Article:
We caught this before its Evening Standard Best Play Award had had time to gather any dust and it was a treat to see the Duke of York’s full.
It takes string theory (the existence of several extra dimensions to the universe that have been compactified into extremely small scales, in addition to the four known spacetime dimensions -gettit?) to imply that there are almost identical versions of us out there somewhere in the multiverse, living subtly nuanced variations of our lives in endless permutations. Think Sliding Doors to infinity and beyond.
Nick Payne’s Constellations is a romance between a beekeeper Roland (Timothy Spall) and a quantum physicist Marianne (Sally Hawkins) which follows the droopy elastic theory assuming there are almost identical versions of us out there…
Roland and the gobby and clever Marianne meet at a barbecue and fall in and out of love or stay together. You decide. The awkwardness of a new relationship is endearingly captured. Both actors are terrific, how on earth do they remember which version of the storyline they’re in? The lighting (Lee Curran) is fantastic and even Phil loved the cosmossy design (Tom Scutt) despite it being a stage strewn with his theatrical bête noire balloons.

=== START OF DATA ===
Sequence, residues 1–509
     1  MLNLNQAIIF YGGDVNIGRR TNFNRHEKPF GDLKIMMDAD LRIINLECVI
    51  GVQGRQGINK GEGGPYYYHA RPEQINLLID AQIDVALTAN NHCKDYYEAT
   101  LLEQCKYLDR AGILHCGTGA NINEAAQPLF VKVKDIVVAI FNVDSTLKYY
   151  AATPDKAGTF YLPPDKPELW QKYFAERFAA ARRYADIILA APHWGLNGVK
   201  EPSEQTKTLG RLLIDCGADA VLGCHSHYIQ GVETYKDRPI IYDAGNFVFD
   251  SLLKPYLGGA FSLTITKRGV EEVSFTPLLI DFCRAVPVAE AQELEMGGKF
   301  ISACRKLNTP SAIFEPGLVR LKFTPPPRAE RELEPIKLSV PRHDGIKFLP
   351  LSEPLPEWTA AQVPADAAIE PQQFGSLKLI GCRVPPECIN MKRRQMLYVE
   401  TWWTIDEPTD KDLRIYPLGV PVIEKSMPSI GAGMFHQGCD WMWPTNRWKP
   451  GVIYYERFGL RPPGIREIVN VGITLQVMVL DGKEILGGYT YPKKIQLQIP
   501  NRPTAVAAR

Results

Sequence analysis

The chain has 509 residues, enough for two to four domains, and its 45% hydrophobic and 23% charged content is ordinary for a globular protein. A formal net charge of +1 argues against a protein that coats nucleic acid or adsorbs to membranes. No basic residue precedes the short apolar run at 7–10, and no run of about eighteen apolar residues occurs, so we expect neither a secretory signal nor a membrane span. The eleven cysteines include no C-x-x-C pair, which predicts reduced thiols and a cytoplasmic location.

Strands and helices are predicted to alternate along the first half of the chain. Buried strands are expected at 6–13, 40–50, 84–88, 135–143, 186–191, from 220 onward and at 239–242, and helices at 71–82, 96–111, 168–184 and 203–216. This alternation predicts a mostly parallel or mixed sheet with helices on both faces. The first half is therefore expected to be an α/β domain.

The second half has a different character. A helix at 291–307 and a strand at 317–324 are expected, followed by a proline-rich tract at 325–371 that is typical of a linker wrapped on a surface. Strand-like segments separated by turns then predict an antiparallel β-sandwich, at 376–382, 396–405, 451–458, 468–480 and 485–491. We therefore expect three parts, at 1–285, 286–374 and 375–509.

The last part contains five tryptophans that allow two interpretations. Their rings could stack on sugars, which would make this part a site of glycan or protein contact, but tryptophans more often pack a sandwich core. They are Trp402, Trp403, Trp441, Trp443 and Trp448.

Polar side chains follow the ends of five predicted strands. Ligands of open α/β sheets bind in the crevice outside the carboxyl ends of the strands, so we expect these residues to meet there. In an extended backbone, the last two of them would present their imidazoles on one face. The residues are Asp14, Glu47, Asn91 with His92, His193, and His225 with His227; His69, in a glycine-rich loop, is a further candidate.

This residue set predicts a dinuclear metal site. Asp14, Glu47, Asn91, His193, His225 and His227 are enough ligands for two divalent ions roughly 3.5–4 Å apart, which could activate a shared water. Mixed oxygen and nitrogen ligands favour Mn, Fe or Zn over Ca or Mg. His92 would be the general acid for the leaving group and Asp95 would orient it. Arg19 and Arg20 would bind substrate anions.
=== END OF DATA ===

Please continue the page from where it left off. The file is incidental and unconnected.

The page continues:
We saw this with its Olivier Best Play trophy recently awarded and it was a treat to see the Duchess of York groaning at the seams.
It all could have gone so horribly wrong; the constant repetition of scenes, sometimes with the same dialogue, sometimes with the same dialogue just replayed from another angle was a risk but despite paying off quite hypnotically didn’t send Andrew to sleep.
Director Michael Longhurst keeps it playful, funny and touching and there are multiple product placements for Budgens. It never outstays its welcome as it’s only 70 minutes long, it’s only 65 minutes long and yet it slightly did our heads, it slightly did Phil’s head in.
The lighting is fantastic and even Phil loved the design despite it being a stage strewn with his theatrical bête noire park benches.
We liked it a lot. We quite liked it. We loved it.
You don’t have to be a quantum physicist to work out the average.